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Ban lifted on Israelis' return to evacuated West Bank settlements

Israel's parliament has voted to allow Israeli citizens back into the sites of four settlements in the occupied West Bank which were evacuated at the time of the disengagement from Gaza in 2005.

There has been international criticism of the bill, as the settlements were built on what the High Court of Justice ruled was private Palestinian land.

It still has to be signed by an Israeli military commander to be enforced.

But it risks further inflaming tensions with Palestinians ahead of Ramadan.

Some 600,000 Jews live in 140 settlements built since Israel's occupation of the West Bank and East Jerusalem in the 1967 Middle East war.

Most of the international community considers the settlements illegal under international law, though Israel disputes this.

Almost 18 years ago, Israel's parliament passed a law mandating the unilateral withdrawal from the Gaza Strip as well as the evacuation of four isolated settlements in the northern West Bank - Sa-Nur, Ganim, Kadim and Homesh.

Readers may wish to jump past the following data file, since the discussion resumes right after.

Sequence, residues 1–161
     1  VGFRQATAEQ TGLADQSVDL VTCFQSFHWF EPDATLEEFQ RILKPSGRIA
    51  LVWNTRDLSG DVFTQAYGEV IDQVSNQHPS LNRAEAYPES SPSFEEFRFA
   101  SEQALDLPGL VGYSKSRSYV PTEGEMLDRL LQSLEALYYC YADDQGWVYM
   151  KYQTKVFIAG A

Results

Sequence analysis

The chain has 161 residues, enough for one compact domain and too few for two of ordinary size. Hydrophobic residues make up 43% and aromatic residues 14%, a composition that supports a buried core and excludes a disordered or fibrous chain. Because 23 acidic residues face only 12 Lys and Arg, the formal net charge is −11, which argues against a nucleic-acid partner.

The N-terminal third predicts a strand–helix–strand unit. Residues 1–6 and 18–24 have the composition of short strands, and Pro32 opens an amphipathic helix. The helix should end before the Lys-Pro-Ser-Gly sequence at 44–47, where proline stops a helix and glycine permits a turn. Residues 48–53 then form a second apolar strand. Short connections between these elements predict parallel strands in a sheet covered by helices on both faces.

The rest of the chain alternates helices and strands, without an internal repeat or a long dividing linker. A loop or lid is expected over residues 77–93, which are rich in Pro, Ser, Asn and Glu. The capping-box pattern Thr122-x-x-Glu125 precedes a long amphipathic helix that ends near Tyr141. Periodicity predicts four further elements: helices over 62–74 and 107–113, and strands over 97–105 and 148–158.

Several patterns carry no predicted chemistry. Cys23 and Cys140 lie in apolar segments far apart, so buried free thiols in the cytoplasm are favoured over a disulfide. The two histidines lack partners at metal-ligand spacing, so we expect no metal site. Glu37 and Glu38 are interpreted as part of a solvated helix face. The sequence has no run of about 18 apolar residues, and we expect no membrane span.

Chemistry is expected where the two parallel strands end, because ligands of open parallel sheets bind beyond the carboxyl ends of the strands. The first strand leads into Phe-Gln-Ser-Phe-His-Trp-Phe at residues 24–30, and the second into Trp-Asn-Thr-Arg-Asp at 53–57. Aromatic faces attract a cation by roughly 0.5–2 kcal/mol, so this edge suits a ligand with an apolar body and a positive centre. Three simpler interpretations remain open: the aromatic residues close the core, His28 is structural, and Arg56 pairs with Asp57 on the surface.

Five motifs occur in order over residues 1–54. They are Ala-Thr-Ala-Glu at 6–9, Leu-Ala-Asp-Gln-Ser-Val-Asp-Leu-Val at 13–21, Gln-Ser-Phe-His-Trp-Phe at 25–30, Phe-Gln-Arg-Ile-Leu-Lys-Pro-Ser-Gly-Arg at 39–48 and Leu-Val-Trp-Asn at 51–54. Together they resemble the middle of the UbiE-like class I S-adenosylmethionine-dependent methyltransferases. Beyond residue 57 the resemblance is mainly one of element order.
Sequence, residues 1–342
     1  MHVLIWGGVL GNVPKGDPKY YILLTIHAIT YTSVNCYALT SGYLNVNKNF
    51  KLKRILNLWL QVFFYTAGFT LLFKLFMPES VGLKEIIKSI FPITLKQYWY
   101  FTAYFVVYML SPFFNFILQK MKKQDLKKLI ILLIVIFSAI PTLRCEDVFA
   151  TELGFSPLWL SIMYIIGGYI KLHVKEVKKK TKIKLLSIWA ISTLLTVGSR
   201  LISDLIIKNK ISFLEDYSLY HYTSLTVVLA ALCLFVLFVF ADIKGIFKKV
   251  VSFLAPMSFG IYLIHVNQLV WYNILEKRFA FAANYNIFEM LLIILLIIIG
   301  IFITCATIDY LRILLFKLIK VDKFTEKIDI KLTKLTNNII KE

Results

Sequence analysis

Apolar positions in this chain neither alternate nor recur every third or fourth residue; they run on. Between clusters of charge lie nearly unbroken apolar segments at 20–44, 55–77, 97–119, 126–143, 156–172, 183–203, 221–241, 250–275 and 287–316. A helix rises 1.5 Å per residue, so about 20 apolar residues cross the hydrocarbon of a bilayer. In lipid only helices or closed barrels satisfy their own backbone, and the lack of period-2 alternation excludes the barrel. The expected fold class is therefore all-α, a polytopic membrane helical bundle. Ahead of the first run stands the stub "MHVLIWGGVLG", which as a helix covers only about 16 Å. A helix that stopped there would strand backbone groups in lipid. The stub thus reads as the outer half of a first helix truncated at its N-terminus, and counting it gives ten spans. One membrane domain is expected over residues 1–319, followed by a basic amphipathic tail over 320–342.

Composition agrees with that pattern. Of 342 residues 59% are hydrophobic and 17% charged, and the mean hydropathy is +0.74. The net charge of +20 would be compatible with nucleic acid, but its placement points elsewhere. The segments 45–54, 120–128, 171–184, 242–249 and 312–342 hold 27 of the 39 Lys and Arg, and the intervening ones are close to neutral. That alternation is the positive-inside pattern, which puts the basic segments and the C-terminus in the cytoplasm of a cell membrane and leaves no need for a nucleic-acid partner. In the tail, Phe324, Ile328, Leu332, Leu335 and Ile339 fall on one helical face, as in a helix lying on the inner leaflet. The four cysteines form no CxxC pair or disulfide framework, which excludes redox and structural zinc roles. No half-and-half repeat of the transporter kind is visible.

Then-Prime Minister Ariel Sharon's government said the latter move would help "provide Palestinian territorial contiguity" in the West Bank and make it easier for Palestinians to live a normal life.

Israelis were banned from entering the evacuated area without the permission from the Israeli military.

However, a group of settlers were able to establish a Jewish religious school and an unauthorised outpost at Homesh which the new coalition government - the most right-wing and nationalist in Israel's history - has been pushing to legalise.


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